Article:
Book Reviews -- By: Anonymous

Journal: Bibliotheca Sacra
Volume: BSAC 131:524 (Oct 1974)
Article: Book Reviews
Author: Anonymous

Book Reviews

Sharpening the Focus of the Church. By Gene A. Getz. Chicago: Moody Press, 1974. 320 pp. $5.95.

In his latest book, the Associate Professor of Practical Theology at Dallas Seminary attempts to help us see more clearly the functions and form of the local church. In Part One (14 chapters), he directs us to look through the “lens of Scripture,” in Part Two (2 chapters) the “lens of history,” and in Part Three (12 chapters) the “lens of culture.” Part Four (2 chapters) contains practical suggestions on how to change a local church from what it is to what it should be as conceived by the author.

The contributions of this book are, first, that Dr. Getz has sought to base his study solidly on Scripture. Second, he has voiced a much needed emphasis on the biblical qualifications for church leaders. Third, he makes a helpful distinction between the qualifications of leaders in the local church and spiritual gifts. Fourth, the book is written so that it could be used as a study guide to help effect change in churches. Dr. Getz has demonstrated in his own personal ministry that the principles in which he believes appeal to Christians; the church which he is currently serving in Richardson, Texas has grown from a small nucleus to several hundred people in just a few months.

It is clear from this book that Dr. Getz believes specific statements of Scripture should be interpreted in the light of basic principles which underlie, and sometimes even appear to contradict, direct statements and commands. For example, the qualifications for widows being put on the church roles in 1 Timothy 5 should not be pressed too literally. The underlying principle is that the church should provide adequately for its older widows. This approach seems to vitiate the plain statements of Scripture and is based on a hermeneutical presupposition. A section on hermeneutics would have been a helpful addition to this book, and in the reviewer’s opinion, it is much needed.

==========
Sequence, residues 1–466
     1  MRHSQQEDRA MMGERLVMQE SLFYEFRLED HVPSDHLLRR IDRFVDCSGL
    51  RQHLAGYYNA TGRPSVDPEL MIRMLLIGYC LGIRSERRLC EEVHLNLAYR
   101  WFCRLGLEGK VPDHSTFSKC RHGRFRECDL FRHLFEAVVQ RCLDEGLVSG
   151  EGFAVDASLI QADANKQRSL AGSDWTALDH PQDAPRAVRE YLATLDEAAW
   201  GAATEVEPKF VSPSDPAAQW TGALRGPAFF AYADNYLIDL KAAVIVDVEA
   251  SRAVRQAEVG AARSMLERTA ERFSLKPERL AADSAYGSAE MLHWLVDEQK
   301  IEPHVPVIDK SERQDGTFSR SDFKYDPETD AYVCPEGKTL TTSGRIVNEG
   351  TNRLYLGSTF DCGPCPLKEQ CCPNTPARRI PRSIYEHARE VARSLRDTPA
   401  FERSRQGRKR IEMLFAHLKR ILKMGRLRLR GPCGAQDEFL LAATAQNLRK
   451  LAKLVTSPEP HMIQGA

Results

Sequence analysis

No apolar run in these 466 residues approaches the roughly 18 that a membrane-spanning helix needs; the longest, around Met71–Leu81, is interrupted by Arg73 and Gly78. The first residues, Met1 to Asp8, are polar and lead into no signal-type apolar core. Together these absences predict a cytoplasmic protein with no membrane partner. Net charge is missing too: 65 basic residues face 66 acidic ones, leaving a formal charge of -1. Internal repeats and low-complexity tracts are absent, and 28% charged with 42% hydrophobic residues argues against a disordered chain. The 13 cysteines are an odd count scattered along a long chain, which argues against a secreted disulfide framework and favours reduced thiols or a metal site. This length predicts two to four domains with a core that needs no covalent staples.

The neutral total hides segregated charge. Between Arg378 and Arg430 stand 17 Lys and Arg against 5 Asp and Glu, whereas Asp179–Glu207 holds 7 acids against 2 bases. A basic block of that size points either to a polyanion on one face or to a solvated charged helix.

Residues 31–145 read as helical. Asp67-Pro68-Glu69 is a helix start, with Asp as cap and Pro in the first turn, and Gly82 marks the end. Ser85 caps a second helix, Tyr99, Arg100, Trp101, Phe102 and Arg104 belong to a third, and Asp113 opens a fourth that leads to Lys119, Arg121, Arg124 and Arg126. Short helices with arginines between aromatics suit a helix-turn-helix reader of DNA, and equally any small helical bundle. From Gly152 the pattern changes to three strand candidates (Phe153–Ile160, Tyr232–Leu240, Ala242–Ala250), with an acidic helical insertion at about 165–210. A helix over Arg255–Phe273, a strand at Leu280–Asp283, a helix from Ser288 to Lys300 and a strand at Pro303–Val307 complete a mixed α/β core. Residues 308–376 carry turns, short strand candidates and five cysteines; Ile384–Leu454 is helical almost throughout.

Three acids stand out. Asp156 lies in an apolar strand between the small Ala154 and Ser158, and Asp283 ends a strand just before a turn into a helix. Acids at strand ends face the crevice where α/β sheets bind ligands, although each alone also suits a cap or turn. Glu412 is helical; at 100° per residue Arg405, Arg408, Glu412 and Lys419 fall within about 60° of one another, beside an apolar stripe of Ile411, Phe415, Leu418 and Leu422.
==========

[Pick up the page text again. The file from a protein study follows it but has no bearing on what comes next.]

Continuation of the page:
One of the greatest contributions of this book is its emphasis on the need for a biblical foundation for local church organization and operation. Because this study is rooted in the Scriptures, there is much of profit to be found here.

T. L. Constable

Scripture, Tradition, and Infallibility. By Dewey M. Beegle. Grand Rapids: Wm. B. Eerdmans Co., 1973. 332 pp. Paper, $4.95.

This is an enlargement and revision of the book, The Inspiration of Scripture, published in 1963. The original thesis is substantially the same; namely, that although the Bible errs in a number of places, we may still have c...

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